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Briefing Papers


Briefing paper

Ethical considerations for the development of Decision Support Systems
Alan J Green
Centre for Professional Ethics, Keele University, England
Published 2006 on OpenClinical (based on a 2004 paper)
This paper, commissioned by OpenClinical, is a short version of a dissertation submitted as part of the MA in Medical Ethics at Keele University 2004. The dissertation, entitled "Ethical implications of the introduction of computer-based knowledge management systems into medical practice", can be requested directly from the author.
"Decision Support Systems can have both positive and negative effects on ethical medical practice. The increase in the doctorís and the patientís knowledge have a positive effect on autonomy; in contrast where knowledge is withheld, either by not being presented by the DSS, or by the doctor not passing on all the knowledge imparted by the DSS autonomy may be reduced; where this is thought to be in the patientís best interest there will be an increase in paternalism.

"The incorporation of such systems into the healthcare process brings ethical considerations that extend the features of the doctor-patient relationship to non-medical professionals. I have introduced the concept of chains of duty and shown how trustworthiness and duty of care propagate along the chain of people involved in the development and maintenance of the systems. I have indicated that knowledge of eventual use provides a good end point for these chains.

"The eventual incorporation of DSSs into normal practice will depend on many factors. Education of doctors in the use (and abuse) of the systems will play a part in this process (the Royal College of General Practitioners run many continuing professional development and other courses and publish a number of information guides for GPs; these could offer a conduit for knowledge of the use of DSSs to be given to GPs). Availability of funding and the recommendations of National Institute for Clinical Excellence will play a part as will the attitude of the courts if, for example, the use of DSSs forms part of any case of negligence. However the attitude of the public will also have a strong influence on the acceptance of such systems; in order that the public see the systems as offering a benefit the systems must be seen as trustworthy; the use of open methods of control of the systems will play a crucial role in this."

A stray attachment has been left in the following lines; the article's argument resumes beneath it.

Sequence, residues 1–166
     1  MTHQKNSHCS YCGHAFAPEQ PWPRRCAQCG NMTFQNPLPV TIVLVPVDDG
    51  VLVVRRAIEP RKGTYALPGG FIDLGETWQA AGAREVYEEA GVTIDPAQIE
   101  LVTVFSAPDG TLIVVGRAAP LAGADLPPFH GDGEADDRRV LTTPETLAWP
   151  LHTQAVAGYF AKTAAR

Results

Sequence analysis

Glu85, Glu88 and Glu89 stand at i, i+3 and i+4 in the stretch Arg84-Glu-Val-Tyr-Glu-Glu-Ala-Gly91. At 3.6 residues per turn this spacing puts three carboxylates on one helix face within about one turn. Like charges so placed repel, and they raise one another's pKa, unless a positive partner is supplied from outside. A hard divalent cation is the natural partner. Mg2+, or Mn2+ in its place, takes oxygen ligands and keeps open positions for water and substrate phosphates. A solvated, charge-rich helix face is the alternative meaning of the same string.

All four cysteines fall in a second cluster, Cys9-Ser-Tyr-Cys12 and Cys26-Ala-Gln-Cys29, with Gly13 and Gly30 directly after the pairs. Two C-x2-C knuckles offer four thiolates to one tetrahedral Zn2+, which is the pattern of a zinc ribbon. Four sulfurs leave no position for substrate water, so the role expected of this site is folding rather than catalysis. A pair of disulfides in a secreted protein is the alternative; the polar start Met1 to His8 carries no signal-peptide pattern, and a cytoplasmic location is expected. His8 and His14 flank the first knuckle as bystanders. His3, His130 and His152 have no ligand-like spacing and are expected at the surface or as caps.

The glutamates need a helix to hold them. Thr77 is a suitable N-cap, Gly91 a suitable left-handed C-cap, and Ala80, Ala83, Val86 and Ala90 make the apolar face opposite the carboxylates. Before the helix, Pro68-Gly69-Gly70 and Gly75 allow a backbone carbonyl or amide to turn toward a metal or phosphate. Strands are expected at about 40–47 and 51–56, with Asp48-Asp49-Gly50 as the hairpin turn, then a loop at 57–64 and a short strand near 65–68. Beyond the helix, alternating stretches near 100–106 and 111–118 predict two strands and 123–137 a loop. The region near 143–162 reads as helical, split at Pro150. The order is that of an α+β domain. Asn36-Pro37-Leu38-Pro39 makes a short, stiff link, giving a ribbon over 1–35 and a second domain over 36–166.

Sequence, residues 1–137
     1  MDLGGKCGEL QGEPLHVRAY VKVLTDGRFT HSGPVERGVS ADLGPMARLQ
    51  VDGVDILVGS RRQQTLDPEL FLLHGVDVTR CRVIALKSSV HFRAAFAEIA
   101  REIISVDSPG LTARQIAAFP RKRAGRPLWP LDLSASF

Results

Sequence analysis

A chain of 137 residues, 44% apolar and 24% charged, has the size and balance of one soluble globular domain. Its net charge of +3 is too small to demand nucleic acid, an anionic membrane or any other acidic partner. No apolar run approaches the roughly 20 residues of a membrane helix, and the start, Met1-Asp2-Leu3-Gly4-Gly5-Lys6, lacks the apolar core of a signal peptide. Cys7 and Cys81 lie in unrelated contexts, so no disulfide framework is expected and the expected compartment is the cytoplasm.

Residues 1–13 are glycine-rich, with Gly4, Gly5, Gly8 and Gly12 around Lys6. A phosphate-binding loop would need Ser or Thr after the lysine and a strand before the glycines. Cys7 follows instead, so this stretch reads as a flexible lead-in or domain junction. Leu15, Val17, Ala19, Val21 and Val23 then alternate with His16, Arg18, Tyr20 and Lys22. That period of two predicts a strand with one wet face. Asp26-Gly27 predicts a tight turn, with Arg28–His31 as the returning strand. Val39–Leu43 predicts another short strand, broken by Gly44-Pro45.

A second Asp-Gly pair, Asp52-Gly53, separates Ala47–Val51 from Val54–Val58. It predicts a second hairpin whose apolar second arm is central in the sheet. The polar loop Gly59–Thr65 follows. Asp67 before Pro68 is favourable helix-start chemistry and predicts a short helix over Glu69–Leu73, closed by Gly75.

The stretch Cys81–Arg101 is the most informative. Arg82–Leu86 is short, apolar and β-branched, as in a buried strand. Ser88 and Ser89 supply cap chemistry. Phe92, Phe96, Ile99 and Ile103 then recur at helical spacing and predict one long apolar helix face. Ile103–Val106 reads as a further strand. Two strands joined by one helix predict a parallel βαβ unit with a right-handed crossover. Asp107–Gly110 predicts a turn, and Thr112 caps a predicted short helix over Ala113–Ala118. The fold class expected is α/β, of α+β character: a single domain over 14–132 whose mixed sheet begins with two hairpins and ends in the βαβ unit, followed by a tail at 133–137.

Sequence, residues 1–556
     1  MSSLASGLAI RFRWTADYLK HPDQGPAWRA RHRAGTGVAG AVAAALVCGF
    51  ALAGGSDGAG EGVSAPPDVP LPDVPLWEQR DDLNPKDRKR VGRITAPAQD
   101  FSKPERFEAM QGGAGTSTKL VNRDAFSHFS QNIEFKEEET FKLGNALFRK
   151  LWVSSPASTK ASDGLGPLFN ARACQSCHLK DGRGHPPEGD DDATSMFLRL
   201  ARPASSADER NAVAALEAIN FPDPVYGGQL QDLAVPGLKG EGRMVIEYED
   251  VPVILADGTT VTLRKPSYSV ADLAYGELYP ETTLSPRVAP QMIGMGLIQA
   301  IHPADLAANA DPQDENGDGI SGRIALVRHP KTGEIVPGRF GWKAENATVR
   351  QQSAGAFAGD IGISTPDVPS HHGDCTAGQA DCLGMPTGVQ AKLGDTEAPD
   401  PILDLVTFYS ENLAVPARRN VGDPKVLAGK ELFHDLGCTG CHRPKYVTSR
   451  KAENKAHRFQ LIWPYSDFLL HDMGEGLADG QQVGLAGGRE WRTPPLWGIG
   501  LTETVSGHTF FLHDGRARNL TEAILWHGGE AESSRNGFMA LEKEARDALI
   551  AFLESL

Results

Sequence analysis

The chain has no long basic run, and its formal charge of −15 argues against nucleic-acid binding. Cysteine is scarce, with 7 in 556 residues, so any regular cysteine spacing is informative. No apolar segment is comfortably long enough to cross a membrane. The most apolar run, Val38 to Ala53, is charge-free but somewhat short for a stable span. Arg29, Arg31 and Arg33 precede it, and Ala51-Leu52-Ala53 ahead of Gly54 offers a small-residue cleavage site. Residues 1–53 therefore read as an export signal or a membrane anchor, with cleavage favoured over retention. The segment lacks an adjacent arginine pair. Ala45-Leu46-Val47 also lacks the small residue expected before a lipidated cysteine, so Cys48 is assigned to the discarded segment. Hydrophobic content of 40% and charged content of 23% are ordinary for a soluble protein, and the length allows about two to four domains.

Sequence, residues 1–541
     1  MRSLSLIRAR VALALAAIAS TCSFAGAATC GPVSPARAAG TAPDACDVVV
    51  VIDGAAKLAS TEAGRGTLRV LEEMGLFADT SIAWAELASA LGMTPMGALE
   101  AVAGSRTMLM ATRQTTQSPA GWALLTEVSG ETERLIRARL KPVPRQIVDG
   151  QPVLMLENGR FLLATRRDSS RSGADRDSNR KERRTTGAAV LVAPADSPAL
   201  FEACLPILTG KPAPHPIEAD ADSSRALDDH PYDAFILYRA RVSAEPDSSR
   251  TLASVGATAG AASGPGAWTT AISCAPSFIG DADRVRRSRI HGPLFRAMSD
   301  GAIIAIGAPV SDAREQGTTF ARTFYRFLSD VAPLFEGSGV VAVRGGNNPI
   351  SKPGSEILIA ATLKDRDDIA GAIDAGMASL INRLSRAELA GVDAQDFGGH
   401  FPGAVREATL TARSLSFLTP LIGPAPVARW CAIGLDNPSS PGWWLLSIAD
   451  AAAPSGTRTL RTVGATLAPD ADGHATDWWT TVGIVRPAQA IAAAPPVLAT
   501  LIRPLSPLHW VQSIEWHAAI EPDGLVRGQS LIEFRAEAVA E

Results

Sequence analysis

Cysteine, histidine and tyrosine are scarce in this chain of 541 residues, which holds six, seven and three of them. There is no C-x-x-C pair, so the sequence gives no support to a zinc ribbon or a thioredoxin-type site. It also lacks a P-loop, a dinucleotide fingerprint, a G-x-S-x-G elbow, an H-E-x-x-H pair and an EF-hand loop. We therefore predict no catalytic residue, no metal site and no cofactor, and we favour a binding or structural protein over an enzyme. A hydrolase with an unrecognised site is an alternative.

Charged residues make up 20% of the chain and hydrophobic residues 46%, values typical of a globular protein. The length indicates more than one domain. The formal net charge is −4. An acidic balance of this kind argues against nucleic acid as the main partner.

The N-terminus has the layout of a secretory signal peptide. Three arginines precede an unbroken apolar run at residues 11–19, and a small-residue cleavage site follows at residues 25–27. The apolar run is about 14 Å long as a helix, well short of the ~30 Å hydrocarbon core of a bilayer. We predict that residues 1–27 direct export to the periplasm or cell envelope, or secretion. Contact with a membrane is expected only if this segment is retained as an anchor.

The complete dissertation includes a much fuller discussion of the ethical and legal implications for clinicians, software designers, developers, maintainers, knowledge suppliers, manufacturers and patients of using electronic clinical decision support systems in clinical practice. Extra sections include a discussion of ethical practice in medicine and the philosophical principles underpinning use of DSS in clinical practice.
 bullet  Complete paper (156KB) [OC]  bullet  Centre for Professional Ethics, Keele University  bullet  Quality, Safety and Ethics in the use of computers to advise on patient care [OC]  bullet  OpenClinical Green Paper (2002): Quality, Safety and Ethics in the use of computers to advise on patient care [OC]


Alan J Green, Keele University
page history
Entry on OpenClinical: 10 March 2006
Last main update: 15 March 2006
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